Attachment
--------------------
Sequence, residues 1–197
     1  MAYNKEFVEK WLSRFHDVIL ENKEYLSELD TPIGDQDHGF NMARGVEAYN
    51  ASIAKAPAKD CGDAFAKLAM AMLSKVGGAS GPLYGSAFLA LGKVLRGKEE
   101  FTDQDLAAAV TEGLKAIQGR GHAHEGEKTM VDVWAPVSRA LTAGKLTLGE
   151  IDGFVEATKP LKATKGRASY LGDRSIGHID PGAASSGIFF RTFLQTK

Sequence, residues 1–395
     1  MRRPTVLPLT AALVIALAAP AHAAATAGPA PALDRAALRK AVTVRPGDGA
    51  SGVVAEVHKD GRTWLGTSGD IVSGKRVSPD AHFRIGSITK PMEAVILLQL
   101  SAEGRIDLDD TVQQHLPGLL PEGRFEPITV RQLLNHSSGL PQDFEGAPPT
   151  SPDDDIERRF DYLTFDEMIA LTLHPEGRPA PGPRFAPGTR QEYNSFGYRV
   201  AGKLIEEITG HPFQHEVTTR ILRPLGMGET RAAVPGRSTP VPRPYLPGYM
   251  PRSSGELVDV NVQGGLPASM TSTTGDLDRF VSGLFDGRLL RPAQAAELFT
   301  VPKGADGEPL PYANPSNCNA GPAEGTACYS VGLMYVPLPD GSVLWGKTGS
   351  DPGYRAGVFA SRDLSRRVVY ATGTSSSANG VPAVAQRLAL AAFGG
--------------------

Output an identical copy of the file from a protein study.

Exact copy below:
Sequence, residues 1–197
     1  MAYNKEFVEK WLSRFHDVIL ENKEYLSELD TPIGDQDHGF NMARGVEAYN
    51  ASIAKAPAKD CGDAFAKLAM AMLSKVGGAS GPLYGSAFLA LGKVLRGKEE
   101  FTDQDLAAAV TEGLKAIQGR GHAHEGEKTM VDVWAPVSRA LTAGKLTLGE
   151  IDGFVEATKP LKATKGRASY LGDRSIGHID PGAASSGIFF RTFLQTK

Sequence, residues 1–395
     1  MRRPTVLPLT AALVIALAAP AHAAATAGPA PALDRAALRK AVTVRPGDGA
    51  SGVVAEVHKD GRTWLGTSGD IVSGKRVSPD AHFRIGSITK PMEAVILLQL
   101  SAEGRIDLDD TVQQHLPGLL PEGRFEPITV RQLLNHSSGL PQDFEGAPPT
   151  SPDDDIERRF DYLTFDEMIA LTLHPEGRPA PGPRFAPGTR QEYNSFGYRV
   201  AGKLIEEITG HPFQHEVTTR ILRPLGMGET RAAVPGRSTP VPRPYLPGYM
   251  PRSSGELVDV NVQGGLPASM TSTTGDLDRF VSGLFDGRLL RPAQAAELFT
   301  VPKGADGEPL PYANPSNCNA GPAEGTACYS VGLMYVPLPD GSVLWGKTGS
   351  DPGYRAGVFA SRDLSRRVVY ATGTSSSANG VPAVAQRLAL AAFGG